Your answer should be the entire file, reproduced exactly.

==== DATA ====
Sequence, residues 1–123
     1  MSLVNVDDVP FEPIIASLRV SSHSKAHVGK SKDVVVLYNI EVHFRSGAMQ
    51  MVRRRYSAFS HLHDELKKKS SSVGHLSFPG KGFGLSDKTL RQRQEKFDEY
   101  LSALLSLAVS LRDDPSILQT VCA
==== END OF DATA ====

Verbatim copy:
Sequence, residues 1–123
     1  MSLVNVDDVP FEPIIASLRV SSHSKAHVGK SKDVVVLYNI EVHFRSGAMQ
    51  MVRRRYSAFS HLHDELKKKS SSVGHLSFPG KGFGLSDKTL RQRQEKFDEY
   101  LSALLSLAVS LRDDPSILQT VCA